Cognitive symptoms are associated with functional disability in Huntington disease; yet, few controlled trials have examined cognitive treatments that could improve patient independence and quality of life. Atomoxetine is a norepinephrine reuptake inhibitor approved for treatment of attention-deficit/hyperactivity disorder.
Twenty participants with mild Huntington disease who complained of inattention were randomized to receive atomoxetine (80 mg/d) or placebo in a 10-week double-blind crossover study. Primary outcome measures were self-reported attention and attention and executive neuropsychological composite scores. Secondary outcomes were psychiatric and motor symptom scores.
The rate of reported adverse effects while on atomoxetine was 56% (vs 35% on placebo), which most commonly included dry mouth (39%), loss of appetite (22%), insomnia (22%), and dizziness (17%). There were no serious adverse events related to atomoxetine. There were statistically significant, although mild, increases in heart rate and diastolic blood pressure on atomoxetine, consistent with other studies and not requiring medical referral. There were no significant improvements while on atomoxetine compared with placebo on primary outcomes. However, there was evidence of significant placebo effects on self-reported attention and psychiatric functions. There were no group differences on the Unified Huntington's Disease Rating total motor score.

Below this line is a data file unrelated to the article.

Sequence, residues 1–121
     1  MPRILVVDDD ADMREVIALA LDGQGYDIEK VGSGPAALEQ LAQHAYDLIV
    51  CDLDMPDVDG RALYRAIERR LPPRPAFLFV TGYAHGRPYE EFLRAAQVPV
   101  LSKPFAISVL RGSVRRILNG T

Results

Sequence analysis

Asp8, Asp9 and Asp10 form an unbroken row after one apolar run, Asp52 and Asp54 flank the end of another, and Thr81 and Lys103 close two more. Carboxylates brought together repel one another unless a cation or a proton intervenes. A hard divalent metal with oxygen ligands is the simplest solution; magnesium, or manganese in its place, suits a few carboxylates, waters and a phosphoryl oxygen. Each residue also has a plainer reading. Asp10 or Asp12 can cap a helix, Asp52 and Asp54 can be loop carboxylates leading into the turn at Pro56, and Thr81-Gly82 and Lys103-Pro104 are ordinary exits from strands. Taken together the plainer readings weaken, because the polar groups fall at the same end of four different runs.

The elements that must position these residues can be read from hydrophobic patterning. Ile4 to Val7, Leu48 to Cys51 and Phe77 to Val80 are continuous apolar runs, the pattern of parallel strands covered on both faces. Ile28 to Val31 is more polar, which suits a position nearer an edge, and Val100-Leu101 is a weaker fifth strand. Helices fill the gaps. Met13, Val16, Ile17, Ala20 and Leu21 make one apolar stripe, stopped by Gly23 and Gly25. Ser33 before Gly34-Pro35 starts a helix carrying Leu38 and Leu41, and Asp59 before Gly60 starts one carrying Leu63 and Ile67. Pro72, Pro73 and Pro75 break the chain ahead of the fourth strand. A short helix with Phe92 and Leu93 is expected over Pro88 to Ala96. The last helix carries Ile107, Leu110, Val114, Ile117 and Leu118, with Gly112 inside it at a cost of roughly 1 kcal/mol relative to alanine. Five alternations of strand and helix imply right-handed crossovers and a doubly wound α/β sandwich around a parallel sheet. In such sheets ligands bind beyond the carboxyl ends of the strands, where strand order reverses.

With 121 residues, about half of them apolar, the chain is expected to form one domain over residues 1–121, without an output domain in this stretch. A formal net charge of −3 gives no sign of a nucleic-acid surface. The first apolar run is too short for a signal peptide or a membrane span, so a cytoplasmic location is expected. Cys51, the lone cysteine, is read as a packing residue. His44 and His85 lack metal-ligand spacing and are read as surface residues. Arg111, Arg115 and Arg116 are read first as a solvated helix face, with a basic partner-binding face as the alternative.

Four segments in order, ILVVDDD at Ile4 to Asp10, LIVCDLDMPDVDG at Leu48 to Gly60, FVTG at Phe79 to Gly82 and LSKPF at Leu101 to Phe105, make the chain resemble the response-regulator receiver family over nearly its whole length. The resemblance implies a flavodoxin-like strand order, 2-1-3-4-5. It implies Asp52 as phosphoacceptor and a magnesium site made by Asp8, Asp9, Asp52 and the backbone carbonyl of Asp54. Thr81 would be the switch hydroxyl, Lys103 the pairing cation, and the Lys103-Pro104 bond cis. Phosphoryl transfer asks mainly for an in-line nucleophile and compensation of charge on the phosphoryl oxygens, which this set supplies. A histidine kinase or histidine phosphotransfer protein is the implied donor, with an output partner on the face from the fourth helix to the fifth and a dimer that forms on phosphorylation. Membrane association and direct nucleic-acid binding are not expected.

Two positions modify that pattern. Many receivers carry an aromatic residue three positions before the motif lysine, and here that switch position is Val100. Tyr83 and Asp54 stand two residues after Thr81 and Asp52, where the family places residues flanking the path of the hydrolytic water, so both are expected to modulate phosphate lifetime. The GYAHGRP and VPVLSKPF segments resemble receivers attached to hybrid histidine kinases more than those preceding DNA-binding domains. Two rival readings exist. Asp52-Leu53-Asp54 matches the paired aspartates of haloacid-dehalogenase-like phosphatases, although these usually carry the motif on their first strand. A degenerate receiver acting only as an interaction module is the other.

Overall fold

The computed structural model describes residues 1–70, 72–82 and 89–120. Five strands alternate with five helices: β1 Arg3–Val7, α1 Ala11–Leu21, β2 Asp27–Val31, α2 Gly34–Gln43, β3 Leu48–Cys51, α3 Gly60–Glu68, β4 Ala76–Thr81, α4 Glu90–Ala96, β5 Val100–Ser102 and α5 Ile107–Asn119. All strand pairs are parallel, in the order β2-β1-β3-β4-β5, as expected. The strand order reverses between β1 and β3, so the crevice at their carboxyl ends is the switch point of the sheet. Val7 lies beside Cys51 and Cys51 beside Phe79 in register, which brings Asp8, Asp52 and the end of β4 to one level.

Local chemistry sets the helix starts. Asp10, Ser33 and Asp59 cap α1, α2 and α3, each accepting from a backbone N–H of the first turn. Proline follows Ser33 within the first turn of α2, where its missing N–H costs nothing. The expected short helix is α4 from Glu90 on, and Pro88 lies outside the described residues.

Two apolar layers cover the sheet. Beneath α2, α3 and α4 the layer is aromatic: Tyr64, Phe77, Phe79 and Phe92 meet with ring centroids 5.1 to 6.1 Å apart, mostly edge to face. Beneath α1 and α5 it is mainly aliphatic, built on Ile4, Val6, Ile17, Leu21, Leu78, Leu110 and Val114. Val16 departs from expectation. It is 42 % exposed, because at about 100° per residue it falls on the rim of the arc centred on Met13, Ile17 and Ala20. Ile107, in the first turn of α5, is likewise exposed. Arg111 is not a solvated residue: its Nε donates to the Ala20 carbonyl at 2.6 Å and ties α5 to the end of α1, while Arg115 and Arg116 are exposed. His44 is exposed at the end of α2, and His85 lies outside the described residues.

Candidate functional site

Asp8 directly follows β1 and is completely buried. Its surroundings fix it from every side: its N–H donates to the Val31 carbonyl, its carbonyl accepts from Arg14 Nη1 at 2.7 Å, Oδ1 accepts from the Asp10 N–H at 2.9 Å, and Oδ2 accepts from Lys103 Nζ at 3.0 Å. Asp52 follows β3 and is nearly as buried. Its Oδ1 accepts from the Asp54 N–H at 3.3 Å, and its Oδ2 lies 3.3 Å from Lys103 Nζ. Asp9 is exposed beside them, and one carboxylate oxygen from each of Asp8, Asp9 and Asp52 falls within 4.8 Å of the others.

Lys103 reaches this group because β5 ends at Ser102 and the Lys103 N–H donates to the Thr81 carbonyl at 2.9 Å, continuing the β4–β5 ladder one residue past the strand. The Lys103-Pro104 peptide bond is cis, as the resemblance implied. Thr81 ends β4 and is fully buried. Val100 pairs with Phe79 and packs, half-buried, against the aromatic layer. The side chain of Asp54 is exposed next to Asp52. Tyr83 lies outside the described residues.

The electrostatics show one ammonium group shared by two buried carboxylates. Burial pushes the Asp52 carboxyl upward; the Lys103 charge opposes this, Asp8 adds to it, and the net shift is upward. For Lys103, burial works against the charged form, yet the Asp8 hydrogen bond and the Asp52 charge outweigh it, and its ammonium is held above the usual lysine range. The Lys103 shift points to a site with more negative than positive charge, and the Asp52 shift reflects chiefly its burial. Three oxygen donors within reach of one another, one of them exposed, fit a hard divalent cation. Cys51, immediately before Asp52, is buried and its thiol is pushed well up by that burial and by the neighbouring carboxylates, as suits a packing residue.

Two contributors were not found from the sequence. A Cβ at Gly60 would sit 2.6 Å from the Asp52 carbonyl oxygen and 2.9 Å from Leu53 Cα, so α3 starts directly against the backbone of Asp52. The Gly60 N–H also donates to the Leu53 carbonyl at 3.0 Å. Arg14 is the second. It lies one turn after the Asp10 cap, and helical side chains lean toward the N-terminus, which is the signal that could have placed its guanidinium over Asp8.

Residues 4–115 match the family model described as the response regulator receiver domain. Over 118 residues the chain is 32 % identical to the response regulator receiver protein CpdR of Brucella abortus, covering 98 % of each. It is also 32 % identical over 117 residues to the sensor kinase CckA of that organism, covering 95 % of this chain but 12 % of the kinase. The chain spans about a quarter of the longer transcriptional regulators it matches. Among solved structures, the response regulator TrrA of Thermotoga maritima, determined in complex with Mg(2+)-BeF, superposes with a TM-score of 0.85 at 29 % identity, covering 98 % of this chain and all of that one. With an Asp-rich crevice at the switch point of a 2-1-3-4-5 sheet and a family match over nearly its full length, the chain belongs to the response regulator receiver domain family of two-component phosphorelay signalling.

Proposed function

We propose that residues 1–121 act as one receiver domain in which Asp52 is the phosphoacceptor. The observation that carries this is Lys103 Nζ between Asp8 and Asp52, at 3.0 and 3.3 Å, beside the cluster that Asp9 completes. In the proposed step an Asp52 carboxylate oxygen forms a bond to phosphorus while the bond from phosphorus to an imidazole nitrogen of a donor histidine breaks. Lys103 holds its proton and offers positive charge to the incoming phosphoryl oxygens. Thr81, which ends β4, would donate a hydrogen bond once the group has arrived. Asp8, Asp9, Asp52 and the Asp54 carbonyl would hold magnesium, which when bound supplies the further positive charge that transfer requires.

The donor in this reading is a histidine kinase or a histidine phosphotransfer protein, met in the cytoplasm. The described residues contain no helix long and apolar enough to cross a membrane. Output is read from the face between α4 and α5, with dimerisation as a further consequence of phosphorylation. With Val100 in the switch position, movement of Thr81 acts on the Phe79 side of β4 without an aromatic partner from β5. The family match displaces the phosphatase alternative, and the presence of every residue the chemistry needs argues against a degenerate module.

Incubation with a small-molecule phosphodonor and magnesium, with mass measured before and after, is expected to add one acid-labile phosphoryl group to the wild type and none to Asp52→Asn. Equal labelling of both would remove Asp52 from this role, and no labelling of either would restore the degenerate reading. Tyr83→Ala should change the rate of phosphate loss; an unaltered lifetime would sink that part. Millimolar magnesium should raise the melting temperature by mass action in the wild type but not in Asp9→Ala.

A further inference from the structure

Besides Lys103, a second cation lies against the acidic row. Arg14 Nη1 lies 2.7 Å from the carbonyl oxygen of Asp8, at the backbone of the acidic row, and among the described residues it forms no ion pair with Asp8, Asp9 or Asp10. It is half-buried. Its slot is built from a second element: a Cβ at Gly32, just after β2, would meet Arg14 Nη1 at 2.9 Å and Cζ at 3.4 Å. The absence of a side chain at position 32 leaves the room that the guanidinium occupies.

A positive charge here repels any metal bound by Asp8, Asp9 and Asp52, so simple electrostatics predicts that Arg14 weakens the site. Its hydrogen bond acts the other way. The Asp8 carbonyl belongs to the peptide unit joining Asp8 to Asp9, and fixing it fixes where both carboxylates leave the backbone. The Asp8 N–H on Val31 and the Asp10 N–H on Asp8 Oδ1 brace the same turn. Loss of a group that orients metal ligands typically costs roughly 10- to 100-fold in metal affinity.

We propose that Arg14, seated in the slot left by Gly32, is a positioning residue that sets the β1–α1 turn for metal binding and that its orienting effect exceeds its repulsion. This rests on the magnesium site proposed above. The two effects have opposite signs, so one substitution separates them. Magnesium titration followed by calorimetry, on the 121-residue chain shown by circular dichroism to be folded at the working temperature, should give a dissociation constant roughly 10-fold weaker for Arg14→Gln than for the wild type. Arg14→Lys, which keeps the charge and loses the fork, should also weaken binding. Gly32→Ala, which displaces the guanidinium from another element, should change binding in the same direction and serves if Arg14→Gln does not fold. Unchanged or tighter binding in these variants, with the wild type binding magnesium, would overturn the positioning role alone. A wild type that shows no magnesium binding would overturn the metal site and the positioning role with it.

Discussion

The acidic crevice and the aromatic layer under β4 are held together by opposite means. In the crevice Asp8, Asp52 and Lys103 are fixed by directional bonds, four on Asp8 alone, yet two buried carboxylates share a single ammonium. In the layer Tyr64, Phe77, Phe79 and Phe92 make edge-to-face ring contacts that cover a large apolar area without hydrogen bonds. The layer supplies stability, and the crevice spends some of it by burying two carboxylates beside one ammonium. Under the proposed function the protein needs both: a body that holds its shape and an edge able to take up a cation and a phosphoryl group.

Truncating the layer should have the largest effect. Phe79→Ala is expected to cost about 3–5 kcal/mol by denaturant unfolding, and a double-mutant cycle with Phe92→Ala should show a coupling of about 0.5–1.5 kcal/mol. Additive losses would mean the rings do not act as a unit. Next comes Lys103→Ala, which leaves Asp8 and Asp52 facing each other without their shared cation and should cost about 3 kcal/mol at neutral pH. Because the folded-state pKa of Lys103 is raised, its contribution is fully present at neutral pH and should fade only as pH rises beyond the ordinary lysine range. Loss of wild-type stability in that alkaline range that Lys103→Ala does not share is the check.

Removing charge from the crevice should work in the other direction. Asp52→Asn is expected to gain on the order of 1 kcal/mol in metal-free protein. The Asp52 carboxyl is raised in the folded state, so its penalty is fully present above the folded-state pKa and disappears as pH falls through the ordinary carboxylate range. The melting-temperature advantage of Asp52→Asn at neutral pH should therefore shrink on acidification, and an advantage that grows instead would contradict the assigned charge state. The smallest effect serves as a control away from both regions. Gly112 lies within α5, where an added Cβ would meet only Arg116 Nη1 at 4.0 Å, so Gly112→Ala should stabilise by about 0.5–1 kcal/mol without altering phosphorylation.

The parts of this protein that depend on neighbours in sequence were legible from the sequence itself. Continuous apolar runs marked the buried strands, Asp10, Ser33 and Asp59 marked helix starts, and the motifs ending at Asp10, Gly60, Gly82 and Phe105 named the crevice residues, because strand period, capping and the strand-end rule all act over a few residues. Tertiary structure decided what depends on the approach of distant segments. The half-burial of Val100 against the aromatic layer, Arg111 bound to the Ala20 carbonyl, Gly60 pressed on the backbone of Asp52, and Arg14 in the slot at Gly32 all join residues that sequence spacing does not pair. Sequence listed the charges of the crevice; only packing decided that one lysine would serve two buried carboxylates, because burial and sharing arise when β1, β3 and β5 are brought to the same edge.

Atomoxetine demonstrated no advantages over placebo for primary or secondary outcomes. Although atomoxetine was not effective at improving attention at this dose, its safety and tolerability were similar to other studies.
From the *Department of Psychiatry, University of Iowa Carver College of Medicine, Iowa City, IA; and †Department of Neurology, University of Michigan, Ann Arbor, MI.
Received March 18, 2009; accepted after revision June 12, 2009.
Reprints: Leigh J. Beglinger, PhD, Department of Psychiatry, University of Iowa, MEB 1-321, Iowa City, IA 52242-1000 (e-mail: email@example.com).
Dr Langbehn from the University of Iowa conducted the biostatistical analyses for the study.
This research was supported by an investigator-initiated grant from Eli Lilly and Company.